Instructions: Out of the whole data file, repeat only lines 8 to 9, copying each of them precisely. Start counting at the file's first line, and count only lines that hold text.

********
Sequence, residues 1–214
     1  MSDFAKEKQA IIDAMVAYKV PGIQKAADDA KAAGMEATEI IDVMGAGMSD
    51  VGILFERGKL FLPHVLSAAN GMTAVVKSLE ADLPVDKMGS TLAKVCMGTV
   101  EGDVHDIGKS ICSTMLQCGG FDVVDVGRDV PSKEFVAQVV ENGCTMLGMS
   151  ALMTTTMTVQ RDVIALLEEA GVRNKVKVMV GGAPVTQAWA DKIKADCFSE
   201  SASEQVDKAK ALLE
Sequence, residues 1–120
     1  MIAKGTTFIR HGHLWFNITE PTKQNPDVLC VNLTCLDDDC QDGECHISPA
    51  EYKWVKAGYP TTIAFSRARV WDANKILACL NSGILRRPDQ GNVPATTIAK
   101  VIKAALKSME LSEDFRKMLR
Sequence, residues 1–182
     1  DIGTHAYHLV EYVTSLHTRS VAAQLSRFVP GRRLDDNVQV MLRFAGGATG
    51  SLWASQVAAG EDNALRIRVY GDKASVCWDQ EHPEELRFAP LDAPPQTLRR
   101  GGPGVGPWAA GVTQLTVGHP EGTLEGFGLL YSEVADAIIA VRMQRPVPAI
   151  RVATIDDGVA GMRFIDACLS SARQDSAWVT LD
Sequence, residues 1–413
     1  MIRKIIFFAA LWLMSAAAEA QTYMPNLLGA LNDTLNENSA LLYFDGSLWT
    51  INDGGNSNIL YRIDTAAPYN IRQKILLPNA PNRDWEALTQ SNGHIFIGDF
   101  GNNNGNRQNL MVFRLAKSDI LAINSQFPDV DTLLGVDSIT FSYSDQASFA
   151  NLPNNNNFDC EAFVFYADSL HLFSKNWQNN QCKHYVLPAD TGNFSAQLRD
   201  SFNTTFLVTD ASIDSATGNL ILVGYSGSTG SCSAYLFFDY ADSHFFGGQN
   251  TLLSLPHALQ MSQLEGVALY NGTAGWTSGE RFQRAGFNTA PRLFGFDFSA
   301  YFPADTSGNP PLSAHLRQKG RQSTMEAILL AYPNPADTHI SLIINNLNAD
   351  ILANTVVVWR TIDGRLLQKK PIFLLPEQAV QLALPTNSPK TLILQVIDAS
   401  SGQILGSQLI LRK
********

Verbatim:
     1  MIAKGTTFIR HGHLWFNITE PTKQNPDVLC VNLTCLDDDC QDGECHISPA
    51  EYKWVKAGYP TTIAFSRARV WDANKILACL NSGILRRPDQ GNVPATTIAK